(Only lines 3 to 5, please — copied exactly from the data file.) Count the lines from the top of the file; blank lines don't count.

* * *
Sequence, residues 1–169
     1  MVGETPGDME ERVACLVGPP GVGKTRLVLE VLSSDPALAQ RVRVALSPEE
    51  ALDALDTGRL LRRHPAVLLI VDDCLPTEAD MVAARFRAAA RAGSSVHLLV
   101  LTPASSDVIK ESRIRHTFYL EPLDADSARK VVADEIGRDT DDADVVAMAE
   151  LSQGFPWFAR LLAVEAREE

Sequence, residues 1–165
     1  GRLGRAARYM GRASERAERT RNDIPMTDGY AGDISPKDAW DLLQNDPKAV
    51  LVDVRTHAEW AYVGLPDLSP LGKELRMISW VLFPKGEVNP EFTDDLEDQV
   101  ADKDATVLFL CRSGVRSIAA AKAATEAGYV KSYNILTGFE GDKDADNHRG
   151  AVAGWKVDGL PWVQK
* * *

    51  ALDALDTGRL LRRHPAVLLI VDDCLPTEAD MVAARFRAAA RAGSSVHLLV
   101  LTPASSDVIK ESRIRHTFYL EPLDADSARK VVADEIGRDT DDADVVAMAE
   151  LSQGFPWFAR LLAVEAREE